At some point in life, 9 out of 10 people will suffer from back pain. In most cases, the trouble will be in the lower back, with sciatica a common complication.
The sciatic nerves are long, large nerves that run from the lower part of the spine, in what are called nerve “roots.” The nerves run down through each of the buttocks and all the way down the backs of the legs. If something compresses or pinches the nerve roots, it can cause lower back pain as well as pain in the buttocks and legs. The source of the problem may be a herniated disc in the spine, but more often than not, the cause of low back pain is not found.
In some cases, the pain is so excruciating that people have difficulty walking. Thankfully, though, the severity of the pain usually belies the severity of the condition. With the right self-care, many people are over the worst of it in a few days and may be fully recovered within a few weeks.
A few years ago, the government’s Agency for Health Care Policy and Research convened an expert panel, which issued a consensus statement with treatment recommendations for low back pain. In general, the guidelines call for bed rest as needed, for up to 48 hours, and taking over-the-counter medications for pain relief. Then, as soon as you feel able, begin to walk and perform gentle (very gentle) stretches.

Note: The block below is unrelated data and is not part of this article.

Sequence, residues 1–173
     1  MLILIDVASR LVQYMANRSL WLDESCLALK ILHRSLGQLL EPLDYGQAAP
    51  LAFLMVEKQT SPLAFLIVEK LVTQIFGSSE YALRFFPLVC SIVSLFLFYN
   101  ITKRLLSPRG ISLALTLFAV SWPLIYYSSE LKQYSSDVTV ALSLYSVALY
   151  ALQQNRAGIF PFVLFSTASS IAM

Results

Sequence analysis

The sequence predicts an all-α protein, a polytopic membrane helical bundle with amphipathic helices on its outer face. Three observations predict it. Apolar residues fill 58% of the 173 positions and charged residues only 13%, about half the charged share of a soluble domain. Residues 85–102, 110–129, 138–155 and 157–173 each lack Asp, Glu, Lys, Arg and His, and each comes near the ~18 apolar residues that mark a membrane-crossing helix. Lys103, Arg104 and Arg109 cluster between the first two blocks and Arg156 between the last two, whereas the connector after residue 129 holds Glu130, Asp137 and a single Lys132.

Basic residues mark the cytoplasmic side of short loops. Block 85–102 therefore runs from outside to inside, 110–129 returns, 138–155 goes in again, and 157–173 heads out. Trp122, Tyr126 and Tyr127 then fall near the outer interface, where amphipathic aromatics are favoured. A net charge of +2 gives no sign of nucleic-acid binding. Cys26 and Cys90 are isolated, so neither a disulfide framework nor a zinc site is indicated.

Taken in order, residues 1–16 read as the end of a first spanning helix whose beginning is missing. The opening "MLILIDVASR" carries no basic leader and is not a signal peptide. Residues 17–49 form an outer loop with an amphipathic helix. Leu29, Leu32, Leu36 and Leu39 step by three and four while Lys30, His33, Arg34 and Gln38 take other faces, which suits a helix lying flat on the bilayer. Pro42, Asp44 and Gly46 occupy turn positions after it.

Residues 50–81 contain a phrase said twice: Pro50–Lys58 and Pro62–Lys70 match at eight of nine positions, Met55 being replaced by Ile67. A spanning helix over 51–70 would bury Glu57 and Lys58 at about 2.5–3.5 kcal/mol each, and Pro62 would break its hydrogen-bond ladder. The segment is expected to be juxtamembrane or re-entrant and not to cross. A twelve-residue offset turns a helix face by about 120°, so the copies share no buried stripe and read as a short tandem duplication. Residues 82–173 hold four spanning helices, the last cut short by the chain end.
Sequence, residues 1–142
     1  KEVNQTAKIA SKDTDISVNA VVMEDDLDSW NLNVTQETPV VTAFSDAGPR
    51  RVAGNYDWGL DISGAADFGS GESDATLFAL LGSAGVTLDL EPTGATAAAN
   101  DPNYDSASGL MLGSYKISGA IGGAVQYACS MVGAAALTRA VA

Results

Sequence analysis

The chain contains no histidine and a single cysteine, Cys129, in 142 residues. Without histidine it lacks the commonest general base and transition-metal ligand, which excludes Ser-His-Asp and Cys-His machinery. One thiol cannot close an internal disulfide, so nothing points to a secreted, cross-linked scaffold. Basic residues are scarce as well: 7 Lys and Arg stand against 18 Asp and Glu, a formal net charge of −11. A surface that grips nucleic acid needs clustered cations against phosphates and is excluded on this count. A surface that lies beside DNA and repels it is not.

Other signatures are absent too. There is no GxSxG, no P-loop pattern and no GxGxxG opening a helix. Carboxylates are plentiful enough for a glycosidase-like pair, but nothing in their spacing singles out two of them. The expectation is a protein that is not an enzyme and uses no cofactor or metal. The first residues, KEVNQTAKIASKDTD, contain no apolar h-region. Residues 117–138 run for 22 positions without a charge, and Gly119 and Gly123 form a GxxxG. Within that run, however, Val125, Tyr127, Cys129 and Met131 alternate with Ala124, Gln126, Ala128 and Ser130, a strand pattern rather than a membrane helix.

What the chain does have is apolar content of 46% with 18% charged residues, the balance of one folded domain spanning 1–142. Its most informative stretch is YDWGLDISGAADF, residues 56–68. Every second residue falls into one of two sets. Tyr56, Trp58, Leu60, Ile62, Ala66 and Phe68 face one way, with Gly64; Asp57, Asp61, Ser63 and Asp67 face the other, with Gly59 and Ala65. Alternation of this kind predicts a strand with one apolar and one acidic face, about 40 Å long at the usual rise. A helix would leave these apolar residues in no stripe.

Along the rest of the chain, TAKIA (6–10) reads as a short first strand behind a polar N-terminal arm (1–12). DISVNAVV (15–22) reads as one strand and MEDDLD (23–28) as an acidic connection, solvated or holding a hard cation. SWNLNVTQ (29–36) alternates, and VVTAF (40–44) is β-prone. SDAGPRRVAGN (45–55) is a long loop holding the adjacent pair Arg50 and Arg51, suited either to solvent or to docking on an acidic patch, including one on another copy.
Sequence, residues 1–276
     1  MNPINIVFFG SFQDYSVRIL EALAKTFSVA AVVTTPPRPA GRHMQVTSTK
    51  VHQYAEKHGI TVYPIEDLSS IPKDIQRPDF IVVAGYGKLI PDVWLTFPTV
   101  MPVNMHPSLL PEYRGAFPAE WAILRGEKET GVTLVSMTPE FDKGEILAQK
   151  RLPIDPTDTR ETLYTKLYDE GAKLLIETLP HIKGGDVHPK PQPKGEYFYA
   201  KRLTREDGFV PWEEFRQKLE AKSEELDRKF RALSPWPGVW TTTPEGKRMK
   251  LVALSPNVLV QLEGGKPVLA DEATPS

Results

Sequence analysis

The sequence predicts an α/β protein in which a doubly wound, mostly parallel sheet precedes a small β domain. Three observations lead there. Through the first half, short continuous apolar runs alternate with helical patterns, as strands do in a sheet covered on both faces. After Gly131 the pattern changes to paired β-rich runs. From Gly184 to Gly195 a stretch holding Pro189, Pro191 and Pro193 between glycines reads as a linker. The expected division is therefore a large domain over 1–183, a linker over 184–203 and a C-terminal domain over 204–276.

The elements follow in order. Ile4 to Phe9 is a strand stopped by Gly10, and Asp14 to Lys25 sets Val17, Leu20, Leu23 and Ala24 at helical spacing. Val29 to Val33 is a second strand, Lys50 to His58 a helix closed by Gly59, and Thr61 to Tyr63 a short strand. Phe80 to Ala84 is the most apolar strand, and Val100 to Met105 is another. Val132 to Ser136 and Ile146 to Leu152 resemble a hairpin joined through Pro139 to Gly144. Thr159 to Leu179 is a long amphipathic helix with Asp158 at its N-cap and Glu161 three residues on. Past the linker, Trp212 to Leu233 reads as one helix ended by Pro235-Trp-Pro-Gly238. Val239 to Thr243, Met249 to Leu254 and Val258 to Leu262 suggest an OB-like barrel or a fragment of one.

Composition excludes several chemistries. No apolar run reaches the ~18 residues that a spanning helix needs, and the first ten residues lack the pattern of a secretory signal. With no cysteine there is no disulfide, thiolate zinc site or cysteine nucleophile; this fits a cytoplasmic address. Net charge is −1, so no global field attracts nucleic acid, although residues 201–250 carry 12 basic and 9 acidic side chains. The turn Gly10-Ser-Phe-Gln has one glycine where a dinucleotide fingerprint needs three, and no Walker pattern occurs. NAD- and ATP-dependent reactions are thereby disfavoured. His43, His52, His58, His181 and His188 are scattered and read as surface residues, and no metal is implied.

Some people may get relief from applications of heat or cold. It is usually best to apply cold packs for five to ten minutes at a time within 48 hours of the initial injury. Later on, you may find heat to be more soothing. Physical therapy or chiropractic treatments are also useful for some people.
When symptoms are extremely severe initially, or you do not seem to be improving at all within a week, a doctor’s exam may help determine whether another course of action is advised. Your doctor may also prescribe stronger medicine to help ease the pain while you are waiting for your back to heal.
If sciatic pain is a chronic problem, then you need to talk with your doctor or a back specialist about a long-term approach. These days, doctors consider back surgery a method of last resort, but sometimes it is necessary. There are also a number of things you can do to prevent back problems, such as a regular program of aerobic and stretching and strengthening exercise, improving work place conditions and learning safe methods for bending and lifting.